“How did you convince it to go?” Zebe said though what it had to do with the topic under consideration, she had no idea. 

“Not me. Bunch of orcas herded it away. I thought killing two birds with one stone. But, what I heard just now, the mattress-fish grew much much bigger and made it south. Suggests the tables turned and the orcas eaten. In Byron Bay it ate, maybe, that Poul. Though the informant swears Poul is alive in the fish.”

“Jonah in the whale come to life. Or, in other words, a story?” Zebe said. 

“I thought that too but for the informant’s state-of-being. Damn, damn Joe Loreno!” 

Cele cried, Zebe was astounded to see. Her tears spattered anywhere. 

“And damn you for killing my work, my life, my theory!” Cele said.

Dry-mouthed, Zebe said, “The spreading the alien dust through the landscape theory? When the dust is out there right this minute, spreading itself, you said?”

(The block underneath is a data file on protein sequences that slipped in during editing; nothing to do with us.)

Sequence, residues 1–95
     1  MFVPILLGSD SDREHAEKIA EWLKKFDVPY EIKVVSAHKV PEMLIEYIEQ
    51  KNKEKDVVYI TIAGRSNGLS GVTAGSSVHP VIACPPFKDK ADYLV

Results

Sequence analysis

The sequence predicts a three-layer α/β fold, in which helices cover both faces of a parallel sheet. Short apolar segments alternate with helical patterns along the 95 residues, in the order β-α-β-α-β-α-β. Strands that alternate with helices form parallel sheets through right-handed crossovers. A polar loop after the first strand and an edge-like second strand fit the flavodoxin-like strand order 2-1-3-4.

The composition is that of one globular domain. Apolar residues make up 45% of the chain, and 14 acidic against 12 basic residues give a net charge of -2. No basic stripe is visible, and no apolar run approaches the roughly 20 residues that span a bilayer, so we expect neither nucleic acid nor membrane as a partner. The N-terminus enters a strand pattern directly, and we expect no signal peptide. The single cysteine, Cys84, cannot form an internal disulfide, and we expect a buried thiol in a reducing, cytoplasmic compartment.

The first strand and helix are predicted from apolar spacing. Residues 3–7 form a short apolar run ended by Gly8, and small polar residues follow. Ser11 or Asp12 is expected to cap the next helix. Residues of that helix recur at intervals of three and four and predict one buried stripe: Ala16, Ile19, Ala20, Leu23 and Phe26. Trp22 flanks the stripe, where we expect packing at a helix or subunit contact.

“I only ever spread the mud, Zebe. My theory that the mud is benign and will do more good than harm. You and Xanthe introduced the dust,” Cele said. “But everyone under the sun will believe that was me too.” 

Zebe stepped away. 

“I’ll be leaving as soon as I can. Get out of your hair.” 

“It’s a mess, is it?” Zebe said distantly. 

Crying again, Cele said, “Callum refused to come.”

“He’s not stupid, is he? Where will he go?”

“He went. Without so much as a goodbye. Away with the least trustworthy of our guests. Who are men, to his understanding.” 

“So,” Zebe said after a while. “Delete the hard drive?” Something to say. A way to get proceedings proceeding. 

“Don’t bother. I’ll leave the sea-doors open as I go. Seawater still very efficient at wiping hard drives.”

“You really are going?” Zebe felt aghast at last. 

“Why would I abandon my dearest friends?” Cele said. “The innocents in all this.”

Which put Zebe in her place. Cele that good with pin-pricks. “The only innocents in this are the children they will bear.” Something Zebe had thought since discovering Cele’s project. Never said anything, though. Cele’s project’s money kept them all. 

Cele laughed. “You’re judging me. Hope you find it easier than me to negotiate the cataclysm.”